The end of the Vietnam War and its cultural legacy I Oxford Open Learning

The end of the Vietnam War and its cultural legacy

On 30th April, 1975, the Vietnam War finally came to an end. This was two years after the Americans had pulled out of the war; on March 29th 1973.

The Vietnam War was fought between the North Vietnamese’s Communist National Liberation Front (or Vietcong), and the South Vietnamese backed by the Americans. By 1963, most of South Vietnam’s rural areas were under Vietcong control. When this happened, however, the USA decided to support a coup, which put a military government into South Vietnam to help protect the region.

In August 1964, sailors on the American warship USS Maddox in the Gulf of Tonkin were attacked by North Vietnamese torpedo boats, and the American President Lyndon B. Johnson, took military retaliation. Events continued to escalate, though, and by the February of 1965 the Vietcong were openly attacking American air bases. Finally, Johnson declared war against North Vietnam.

This war, which lasted for almost ten years, divided America.
By 1972, less than 30% of Americans agreed with their country’s stance in the conflict. Protests were a common site in Washington, D.C., as well as on college campuses across the country. In addition, as it was not just regular forces that had to fight, but also conscripted men, there was massive opposition to the war from the population as a whole. 1,728,344 males, age 20 to 26, were drafted to serve in the
Vietnamese war; a whole quarter of all troops.

Under pressure to end the war, Richard Nixon, who’d become president in 1969, began pulling some of the US troops out, giving financial support to the South Vietnamese army instead. Then in October 1972 Henry Kissinger worked out a peace agreement with the North Vietnamese. Sadly, the president of South Vietnam refused to sign because he thought it meant that the USA were going to abandon him, and so North Vietnam pulled out of the talks.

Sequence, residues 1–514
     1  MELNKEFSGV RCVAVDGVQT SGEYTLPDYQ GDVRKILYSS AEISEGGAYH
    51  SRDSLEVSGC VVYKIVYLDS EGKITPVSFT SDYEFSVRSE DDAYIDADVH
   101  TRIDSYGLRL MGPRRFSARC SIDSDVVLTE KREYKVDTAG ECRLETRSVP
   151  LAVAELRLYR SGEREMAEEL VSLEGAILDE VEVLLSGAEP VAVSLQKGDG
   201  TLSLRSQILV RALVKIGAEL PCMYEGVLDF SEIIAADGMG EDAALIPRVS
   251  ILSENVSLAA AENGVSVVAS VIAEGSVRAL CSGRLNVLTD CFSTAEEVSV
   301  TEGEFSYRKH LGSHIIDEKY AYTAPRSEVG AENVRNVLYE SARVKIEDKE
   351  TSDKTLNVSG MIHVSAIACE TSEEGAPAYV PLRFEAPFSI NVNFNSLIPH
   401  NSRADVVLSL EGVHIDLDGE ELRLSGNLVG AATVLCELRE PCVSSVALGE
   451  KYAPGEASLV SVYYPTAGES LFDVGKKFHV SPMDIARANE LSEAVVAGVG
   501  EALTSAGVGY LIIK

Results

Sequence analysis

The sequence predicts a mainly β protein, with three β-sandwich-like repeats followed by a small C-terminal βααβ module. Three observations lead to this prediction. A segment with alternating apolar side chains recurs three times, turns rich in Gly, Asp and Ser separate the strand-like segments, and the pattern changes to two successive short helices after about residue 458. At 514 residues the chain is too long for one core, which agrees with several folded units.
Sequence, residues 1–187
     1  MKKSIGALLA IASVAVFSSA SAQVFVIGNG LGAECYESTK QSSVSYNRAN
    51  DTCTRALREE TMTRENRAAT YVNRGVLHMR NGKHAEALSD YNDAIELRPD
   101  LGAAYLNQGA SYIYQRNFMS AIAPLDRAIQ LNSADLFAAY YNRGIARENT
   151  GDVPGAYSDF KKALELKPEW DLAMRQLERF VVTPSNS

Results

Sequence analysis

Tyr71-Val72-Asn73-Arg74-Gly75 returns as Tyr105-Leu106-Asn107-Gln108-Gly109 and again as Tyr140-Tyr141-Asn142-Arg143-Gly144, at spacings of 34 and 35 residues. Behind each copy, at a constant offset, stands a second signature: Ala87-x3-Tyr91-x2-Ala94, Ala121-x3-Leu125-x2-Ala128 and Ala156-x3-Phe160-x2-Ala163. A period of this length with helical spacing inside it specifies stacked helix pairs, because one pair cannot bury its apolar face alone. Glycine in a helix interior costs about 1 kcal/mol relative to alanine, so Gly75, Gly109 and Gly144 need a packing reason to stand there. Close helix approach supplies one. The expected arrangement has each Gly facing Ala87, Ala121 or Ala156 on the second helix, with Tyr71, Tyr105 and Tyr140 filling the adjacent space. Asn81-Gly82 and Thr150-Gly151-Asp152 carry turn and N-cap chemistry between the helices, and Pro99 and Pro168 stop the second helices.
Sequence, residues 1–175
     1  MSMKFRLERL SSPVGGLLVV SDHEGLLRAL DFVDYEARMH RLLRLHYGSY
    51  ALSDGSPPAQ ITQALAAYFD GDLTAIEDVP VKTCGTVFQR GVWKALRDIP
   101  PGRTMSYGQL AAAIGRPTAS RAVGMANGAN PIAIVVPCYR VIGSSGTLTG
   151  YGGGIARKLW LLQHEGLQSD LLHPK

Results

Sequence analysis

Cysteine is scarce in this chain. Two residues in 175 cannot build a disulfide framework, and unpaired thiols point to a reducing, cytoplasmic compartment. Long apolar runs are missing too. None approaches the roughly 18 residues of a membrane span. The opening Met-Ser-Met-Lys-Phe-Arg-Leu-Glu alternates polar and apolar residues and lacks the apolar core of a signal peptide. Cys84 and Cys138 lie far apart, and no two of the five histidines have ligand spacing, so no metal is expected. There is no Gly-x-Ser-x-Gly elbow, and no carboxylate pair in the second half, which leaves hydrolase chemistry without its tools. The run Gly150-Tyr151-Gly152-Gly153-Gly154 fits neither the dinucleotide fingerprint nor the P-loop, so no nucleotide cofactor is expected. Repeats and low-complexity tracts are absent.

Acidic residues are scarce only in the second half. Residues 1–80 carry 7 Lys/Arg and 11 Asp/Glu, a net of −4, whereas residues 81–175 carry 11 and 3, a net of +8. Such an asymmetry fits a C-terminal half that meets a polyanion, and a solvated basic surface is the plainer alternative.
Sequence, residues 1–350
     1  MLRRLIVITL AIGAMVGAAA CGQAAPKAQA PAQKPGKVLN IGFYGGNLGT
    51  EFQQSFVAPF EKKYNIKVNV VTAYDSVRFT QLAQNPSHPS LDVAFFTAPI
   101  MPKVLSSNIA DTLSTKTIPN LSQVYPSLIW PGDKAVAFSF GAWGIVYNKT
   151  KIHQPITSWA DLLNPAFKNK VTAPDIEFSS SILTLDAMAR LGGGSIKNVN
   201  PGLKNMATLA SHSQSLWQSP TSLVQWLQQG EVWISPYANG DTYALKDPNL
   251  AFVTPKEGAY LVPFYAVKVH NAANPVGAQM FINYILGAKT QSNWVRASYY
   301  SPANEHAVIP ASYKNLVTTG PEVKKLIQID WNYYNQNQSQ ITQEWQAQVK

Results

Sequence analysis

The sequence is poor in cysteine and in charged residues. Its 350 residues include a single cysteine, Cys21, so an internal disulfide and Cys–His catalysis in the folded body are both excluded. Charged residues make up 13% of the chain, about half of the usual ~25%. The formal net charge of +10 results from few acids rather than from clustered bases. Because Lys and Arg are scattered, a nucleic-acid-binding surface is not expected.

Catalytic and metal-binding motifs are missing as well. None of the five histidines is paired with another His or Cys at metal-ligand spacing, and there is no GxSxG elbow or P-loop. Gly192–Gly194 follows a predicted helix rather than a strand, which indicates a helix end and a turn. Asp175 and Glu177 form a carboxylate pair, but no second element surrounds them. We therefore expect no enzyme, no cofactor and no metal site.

Determined to get his men home, Nixon mounted huge bombing raids until the North Vietnamese signed a peace treaty. In January 1973 the Paris Peace Agreement was signed, and the Americans were finally able to leave Vietnam in March 1973.

When the war ended that March, almost 600 American prisoners of war were released. However, many more were unaccounted for and today almost 1,800 Americans are still unaccounted for.

Of those soldiers who made it home, 303,644 were wounded and many suffer lifelong mental scarring. The war itself carried on without America for another two years; its horrors, such as the fall of Saigon, becoming more and more abhorred by the world at large.

With the exception of the Second World War, never has a conflict led to so many films, books, and songs being written. Unlike the World Wars, however, which inspired morale boosting culture; the Vietnam campaign produced a counterculture of media that concentrated on its atrocities, the opposition to the war, and its lasting effects on society.
As the 1980’s hit record, 19, by British pop star, Paul Hardcastle, clearly stated, the average age of the 58,000 Americans killed in Vietnam was only nineteen. Long before Robin Williams shouted “Good morning, Vietnam!” into the microphone, the US film industry was putting its stamp on our perception of Vietnam’s history. 1980’s films Apocalypse Now, Platoon, Full Metal Jacket, and the later Born on the Fourth of July, have become cultural classics.

It wasn’t just the war itself that bred movies, but the effect that war had on its soldiers. Taxi Driver (1976) and The Deer Hunter (1978) focused on former soldiers struggling to return to normal life after the war. Even the hit light entertainment television show, The A-Team, told the story of Vietnam vets who’d become mercenaries in order to get by.

It wasn’t just the American population and culture that questioned America’s involvement in Vietnam. Ever since, the memory of the war has strained the country’s ties with some of its traditional partners in Western Europe.

There is always the fear that America will allow itself to be drawn into “another Vietnam.”

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Dr Kathryn Bates is a graduate of archaeology and history. She has excavated across the world as an archaeologist, and tutored medieval history at Leicester University. She joined the administrative team at Oxford Open Learning twelve years ago. Alongside her distance learning work, Dr Bates is a bestselling novelist, and an itinerant creative writing tutor for primary school children.

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